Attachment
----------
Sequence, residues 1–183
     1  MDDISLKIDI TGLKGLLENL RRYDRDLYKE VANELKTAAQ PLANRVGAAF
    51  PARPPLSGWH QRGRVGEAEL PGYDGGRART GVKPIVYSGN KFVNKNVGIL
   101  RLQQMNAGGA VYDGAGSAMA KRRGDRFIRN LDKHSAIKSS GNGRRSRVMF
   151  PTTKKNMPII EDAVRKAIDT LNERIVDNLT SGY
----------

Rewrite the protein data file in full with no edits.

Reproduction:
Sequence, residues 1–183
     1  MDDISLKIDI TGLKGLLENL RRYDRDLYKE VANELKTAAQ PLANRVGAAF
    51  PARPPLSGWH QRGRVGEAEL PGYDGGRART GVKPIVYSGN KFVNKNVGIL
   101  RLQQMNAGGA VYDGAGSAMA KRRGDRFIRN LDKHSAIKSS GNGRRSRVMF
   151  PTTKKNMPII EDAVRKAIDT LNERIVDNLT SGY